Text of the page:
Martha’s brother.’ 217 . Get to the point. James began. From a hook hung the bird in its cage.’If she’d only die when she has the child!’ thought Miss Clomber ﬁercely. and the rabbit in a basket. James said. very much embarrassed. six God-fearing men. a bird. Hazel?’ ’Stay along of you. Ed’ard. Hazel wished them good morning.’ said Edward. minister. Round the ﬁre sat Foxy. On the window-sill a bowl of crocuses had pushed out white points. There are times when folk avoid prayer as the sick avoid medicine. absent herself. and that the Lord’ll bless our endeavour.’ ’Would you rather go or stay. I think. making little chirrupings of content. Outside stood Mr. now. minister. and we ’ope as good will come of this meeting. They straggled in. very dour. ’We’ve come. ’Will you come in?’ asked Edward. ’might. ’This young woman. James. ’Minds me of a throstle I kep’ ’Now. the one-eyed cat.’ Mr. ’Yes. The shaggy old man surveyed the bird. They sat down. maybe a little prayer?’ ’I think not. James. They coughed. Thomas! Business!’ said Mr.’ ’As you will. and me spokesman. I think. Edward went to the door.’ he said. being deacon. Foxy had retired under the table.’ Hazel had divined that something threatened Edward. ’A nice pet. the old man with the elf-locks who shared the honey prizes with Abel. two farmers from the other side of the Mountain. But upon their love–Edward’s dawn of content and Hazel’s laughter–broke a loud imperious knocking. And now. Up on the Mountain Edward and Hazel were studying a map to decide in which part of the county they would live. and the man with the red braces who had won the race when Reddin turned.
tremors running along the nerves under the skin. You must put her away at once and publicly. The younger men were sorry for Edward. and it was always pitched on the intoning note. and if she will make open confession of the sin. ’Had you. everlasting death!’ came the echoes. ’We bring you the Lord’s message.’ James went on. as they leant forward. leading a respectable gentleman into open sin. his face set. ’And then?’ Edward prompted. it will be counted to you for righteousness.James had a resonant voice.’ He looked as if he would like to be present. They all leant forward.’ James continued in trumpet tones–’had you. chastened and corrected her–ay. ’Then.’ James went on. ’is that the adulteress must go. Esquire.’ ’You are sure?’ ’Has not He answered us each and severally with a loud voice in the night-watches?’ ’Ah! He ’as! True! Yes. ’And now’ (James’ face seemed to Hazel to wear the same expression as when he pocketed the money)–’now there is but one cure. that you would never speak or write to this woman again. when she played the sinner with Mr. Reddin.’ Edward came and stood in front of Hazel. given her the bread of aﬄiction and the water of aﬄiction and taken counsel with us–’ ’Ah! there’s wisdom in counsel!’ said one of the farmers. None of them was sorry for Hazel. ’all would ’a been well. that you’d cast your sins from you. yes!’ the crowd murmured. There she’ll be disciplined. minister. I speak for ’Im. There was a curious likeness. a man with crafty eyes. Also. But now to spare would be death. She’ll be made to repent. he accented almost every other syllable.’ ’Ah. ’And what we are to say. between them and the questing hounds below. and that you were at peace with the 218 . She must go to a reformatory. ’Then we would expect you to make a statement in a sermon. or in any way you chose.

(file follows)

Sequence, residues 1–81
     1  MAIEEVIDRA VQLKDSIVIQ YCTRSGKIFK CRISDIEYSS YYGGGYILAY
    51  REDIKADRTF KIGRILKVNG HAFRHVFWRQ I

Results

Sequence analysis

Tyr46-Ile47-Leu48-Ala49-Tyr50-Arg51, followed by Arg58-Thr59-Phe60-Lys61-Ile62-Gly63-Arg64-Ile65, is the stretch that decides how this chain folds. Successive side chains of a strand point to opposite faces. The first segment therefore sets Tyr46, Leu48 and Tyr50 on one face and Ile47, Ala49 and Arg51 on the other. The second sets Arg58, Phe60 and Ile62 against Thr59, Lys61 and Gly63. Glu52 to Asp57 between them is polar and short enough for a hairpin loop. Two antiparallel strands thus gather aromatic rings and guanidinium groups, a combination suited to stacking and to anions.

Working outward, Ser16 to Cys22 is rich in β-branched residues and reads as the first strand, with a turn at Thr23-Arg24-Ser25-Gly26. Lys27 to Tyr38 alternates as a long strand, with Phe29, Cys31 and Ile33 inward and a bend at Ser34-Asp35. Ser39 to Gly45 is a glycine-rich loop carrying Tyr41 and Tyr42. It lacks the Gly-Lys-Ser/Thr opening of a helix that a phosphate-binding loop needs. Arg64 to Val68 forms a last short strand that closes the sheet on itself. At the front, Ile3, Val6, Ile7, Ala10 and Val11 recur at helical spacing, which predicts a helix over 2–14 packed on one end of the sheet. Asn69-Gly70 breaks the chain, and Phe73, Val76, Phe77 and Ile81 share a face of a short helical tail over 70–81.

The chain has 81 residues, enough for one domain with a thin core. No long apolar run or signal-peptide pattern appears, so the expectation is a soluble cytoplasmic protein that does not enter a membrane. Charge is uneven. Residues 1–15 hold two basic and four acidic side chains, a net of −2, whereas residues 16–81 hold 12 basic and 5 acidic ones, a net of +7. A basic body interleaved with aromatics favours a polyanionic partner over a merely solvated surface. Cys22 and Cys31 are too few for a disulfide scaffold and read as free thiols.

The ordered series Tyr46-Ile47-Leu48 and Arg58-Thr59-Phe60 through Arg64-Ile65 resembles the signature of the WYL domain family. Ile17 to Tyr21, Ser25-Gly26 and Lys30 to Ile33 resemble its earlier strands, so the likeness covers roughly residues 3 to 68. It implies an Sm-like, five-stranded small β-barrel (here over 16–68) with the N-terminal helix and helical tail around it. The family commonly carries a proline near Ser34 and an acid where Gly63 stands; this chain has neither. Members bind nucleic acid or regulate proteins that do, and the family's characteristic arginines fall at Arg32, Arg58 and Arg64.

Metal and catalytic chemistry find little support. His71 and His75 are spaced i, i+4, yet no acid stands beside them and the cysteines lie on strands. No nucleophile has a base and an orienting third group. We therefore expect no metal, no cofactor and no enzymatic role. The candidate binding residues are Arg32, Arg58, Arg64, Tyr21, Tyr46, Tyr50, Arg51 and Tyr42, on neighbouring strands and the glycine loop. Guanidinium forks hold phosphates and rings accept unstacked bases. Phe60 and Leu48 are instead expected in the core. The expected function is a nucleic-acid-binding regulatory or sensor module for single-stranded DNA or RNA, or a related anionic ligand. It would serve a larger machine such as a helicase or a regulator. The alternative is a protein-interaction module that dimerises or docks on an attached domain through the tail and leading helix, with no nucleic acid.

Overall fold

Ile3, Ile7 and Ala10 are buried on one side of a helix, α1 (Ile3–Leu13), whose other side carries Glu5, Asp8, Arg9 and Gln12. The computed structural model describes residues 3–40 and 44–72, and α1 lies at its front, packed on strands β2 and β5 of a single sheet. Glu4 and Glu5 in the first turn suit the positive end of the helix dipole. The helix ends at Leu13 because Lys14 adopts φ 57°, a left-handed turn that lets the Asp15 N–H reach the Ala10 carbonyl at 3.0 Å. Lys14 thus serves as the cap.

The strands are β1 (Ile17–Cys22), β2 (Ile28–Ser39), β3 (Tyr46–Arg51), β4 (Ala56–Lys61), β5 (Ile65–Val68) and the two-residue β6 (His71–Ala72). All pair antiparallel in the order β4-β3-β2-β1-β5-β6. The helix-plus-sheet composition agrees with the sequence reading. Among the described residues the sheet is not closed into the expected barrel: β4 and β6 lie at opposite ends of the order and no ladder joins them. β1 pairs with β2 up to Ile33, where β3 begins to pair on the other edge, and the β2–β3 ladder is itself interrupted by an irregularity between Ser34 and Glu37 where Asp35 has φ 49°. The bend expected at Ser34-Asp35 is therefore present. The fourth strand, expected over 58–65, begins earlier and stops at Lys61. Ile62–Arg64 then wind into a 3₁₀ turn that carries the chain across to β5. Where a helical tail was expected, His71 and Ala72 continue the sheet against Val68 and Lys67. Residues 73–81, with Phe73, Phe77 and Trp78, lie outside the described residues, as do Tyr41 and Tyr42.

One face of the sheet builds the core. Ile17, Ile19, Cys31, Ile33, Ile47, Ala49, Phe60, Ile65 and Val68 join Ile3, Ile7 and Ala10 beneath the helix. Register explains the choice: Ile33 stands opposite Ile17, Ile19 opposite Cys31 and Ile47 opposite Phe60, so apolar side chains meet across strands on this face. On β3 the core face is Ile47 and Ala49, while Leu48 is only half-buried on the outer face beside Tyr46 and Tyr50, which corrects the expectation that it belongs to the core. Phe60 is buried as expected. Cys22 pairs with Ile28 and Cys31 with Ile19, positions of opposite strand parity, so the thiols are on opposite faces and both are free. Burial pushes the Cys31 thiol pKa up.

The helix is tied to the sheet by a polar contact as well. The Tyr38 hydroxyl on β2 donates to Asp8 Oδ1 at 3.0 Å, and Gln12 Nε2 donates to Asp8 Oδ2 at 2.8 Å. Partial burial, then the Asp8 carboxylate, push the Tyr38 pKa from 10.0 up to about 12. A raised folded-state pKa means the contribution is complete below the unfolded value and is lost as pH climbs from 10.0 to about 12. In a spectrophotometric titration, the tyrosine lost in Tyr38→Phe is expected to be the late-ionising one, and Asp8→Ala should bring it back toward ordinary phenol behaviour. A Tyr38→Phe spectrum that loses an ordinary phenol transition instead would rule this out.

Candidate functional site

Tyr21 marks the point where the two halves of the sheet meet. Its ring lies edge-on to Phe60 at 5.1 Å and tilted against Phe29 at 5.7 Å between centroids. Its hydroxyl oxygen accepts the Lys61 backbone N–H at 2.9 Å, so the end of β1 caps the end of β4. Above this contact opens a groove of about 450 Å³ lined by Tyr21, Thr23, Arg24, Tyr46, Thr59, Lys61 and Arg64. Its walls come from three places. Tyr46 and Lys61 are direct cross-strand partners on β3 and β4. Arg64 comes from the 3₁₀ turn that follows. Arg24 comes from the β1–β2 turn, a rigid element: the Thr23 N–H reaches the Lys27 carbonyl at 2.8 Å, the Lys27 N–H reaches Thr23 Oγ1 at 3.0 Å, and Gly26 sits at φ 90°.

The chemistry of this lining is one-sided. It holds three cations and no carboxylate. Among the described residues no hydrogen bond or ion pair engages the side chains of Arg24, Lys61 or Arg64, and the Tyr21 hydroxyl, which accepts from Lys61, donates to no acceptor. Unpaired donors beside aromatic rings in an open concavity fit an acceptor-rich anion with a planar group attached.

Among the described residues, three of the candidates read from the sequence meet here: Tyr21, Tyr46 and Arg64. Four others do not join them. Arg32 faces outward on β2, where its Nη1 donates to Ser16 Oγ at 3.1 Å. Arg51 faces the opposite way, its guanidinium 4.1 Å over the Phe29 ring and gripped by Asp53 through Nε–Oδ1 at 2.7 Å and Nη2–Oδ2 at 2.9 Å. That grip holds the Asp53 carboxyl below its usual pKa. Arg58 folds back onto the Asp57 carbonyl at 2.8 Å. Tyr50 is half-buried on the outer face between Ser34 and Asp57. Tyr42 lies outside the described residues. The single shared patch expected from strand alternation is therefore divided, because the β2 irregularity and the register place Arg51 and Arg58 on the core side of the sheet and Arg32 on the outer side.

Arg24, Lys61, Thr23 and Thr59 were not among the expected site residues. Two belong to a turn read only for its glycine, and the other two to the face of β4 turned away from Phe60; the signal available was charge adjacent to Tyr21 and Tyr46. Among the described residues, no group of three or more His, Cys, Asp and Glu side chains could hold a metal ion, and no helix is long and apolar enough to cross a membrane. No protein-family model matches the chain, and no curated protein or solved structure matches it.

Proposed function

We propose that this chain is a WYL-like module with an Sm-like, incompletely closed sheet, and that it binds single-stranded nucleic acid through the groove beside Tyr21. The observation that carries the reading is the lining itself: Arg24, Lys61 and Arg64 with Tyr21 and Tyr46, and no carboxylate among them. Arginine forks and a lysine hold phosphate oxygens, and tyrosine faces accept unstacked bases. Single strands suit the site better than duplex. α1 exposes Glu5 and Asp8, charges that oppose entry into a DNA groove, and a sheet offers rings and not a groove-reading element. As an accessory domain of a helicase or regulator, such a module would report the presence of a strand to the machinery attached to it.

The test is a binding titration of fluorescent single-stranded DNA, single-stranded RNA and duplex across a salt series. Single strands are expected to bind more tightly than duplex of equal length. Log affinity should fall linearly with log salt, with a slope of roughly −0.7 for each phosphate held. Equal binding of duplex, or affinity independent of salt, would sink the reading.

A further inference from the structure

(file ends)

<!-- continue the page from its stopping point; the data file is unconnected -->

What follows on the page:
painfully pulling himself together. ’If you don’t dismiss the female. but without acrimony.” And you know nothing–nothing. Your last suggestion (he looked at them with a smile of so peculiar a quality and such strange eyes that the old beeman afterwards said ”It took you in the stomach”) was worthy of you. It’s not enough (his face quivered horribly) that love is allowed to torture the loved one. knowing it was but the deceitfulness of youth that got the better of you. For goodness’ sake. the man with the crafty eyes said: ’And if in the Lord’s wisdom He sees ﬁt to take her. ’Facts! What are facts? I could ﬂog you naked through the ﬁelds.’ ’No need.’ (He was thinking of his daughter. Their minds did not take in his meaning.’ ’We know the facts. and the wickedness of an ’ooman. sir. for there’s no Lord. Then his feelings found relief in spite. but not a man ever forgot a word he said. but you must come with your foul minds and eyes to ”view the corpse. sir’–Mr. which was like the upper wind that blows coldly from mountain to mountain and does not 219 . ’I should like to shoot you. It’s not enough that unselﬁsh love can’t save. He shrank. James rose–’we should onst again be proud to take our minister by the ’and. His voice was low.Lord. simply in weariness. We’re going. for your stupidity alone.’ said James.’ Feeling that this was hardly enough to tempt Edward. you can choose a wife from among us. Edward was speaking.’ ’And then?’ ’Then. James being a corpulent man. There is no other God. I’ll appeal to the Presbytery. turn the chapel into a cowhouse!’ They blinked. ’Filthy little beasts!’ he said. ’What for?’ ’Notice for you.) He said no more. but you rule the world–little pot-bellied gods. What d’you suppose I should do here? There’s no Lord’s Day and no Lord’s house.’ he said. James.’ There was a general smile. then.